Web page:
Here's how I did it.
I was plugging along, hammering the keyboard as fast as I could to keep up with my racing mind. Things were happening fast and furious. My protagonist and his wife were fighting and dialogue was flying out of their mouths faster than I could type. It was one of those times where the story literally took off and wrote itself.
Even I was a bit surprised at the events that unfolded. Once I finished the scene, I liked the chapter and thought. wow what a punchy ending. Sure there was a small niggling at the back of my brain but I truly was caught up in the euphoria of the story and the character's actions.
Then the next day I sat down to write and said okay ... Where the heck do I go from here? Oh, I still knew the ending for the novel, that didn't change, but the problem was I no longer knew how to get there. Once upon a time I knew the path, but then I doused that bridge with gasoline and let one of my characters loose with a book of matches.
It took me three or four days to realize the only answer. DELETE.
The scene is good if I do say so myself but it cut the legs right out of my story. The tension came to early. I know some writers who will say you have to listen to your characters. Let them dictate the pace. See where the story goes. Well, characters are like teenagers. Sure you listen to them, even let them state their opinion, but in the end you are the parental figure and sometimes you have put your foot down and say no. I will not let you do that because it is for your own good. Otherwise our stories would fail their next algebra test, or suddenly turn up pregnant with eighteen piercings in their eyebrow. A little authorial discipline is a good thing.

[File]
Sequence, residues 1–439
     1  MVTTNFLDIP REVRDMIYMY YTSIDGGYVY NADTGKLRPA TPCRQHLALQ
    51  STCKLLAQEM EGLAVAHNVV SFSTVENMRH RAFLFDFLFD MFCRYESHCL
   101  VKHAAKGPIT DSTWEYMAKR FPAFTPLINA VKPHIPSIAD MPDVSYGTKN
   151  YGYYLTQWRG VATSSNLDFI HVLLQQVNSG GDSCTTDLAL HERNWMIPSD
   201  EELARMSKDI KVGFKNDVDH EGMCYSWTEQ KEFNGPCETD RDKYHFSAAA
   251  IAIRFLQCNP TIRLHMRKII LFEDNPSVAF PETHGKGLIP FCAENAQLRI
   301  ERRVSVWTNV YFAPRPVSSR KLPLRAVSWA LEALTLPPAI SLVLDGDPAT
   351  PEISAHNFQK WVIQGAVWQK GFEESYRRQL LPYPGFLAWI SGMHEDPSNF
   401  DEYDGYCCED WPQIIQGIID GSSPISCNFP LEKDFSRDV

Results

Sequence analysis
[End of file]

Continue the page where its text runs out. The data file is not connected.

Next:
TWO LINES I'VE READ THIS WEEK (Visit the Women of Mystery Blog for more about two line Tuesday)
From Back Roads by Tawni O'Dell
I knew it was stupid for us to be sitting around blaming each other for abandoning each other and trying to figure out who did it first. It wasn't any different from asking, "Which came first the chicken or the egg?" knowing full well it didn't matter because God had to come before either one of them.
And from my novel in progress, Plundered Booty
These days, half the screen was missing, and the lot was littered with waist-high weeds and broken down speakers, but Red Dirt’s drive-in had been the first place I ever took Rachel on a date. It was also the first place we ever ... though that’s no great coincidence, since both events occurred on the exact same night.
So, ever write yourself in a corner? Ever read Back Roads? Have an opinion on what came first, the chicken or the egg? Been to a drive int theatre lately? Had your first taste of love or at least lust beneath the glow of an outdoor screen? Pay your taxes yet? Got anything to say? I'd love to hear, so drop me a comment.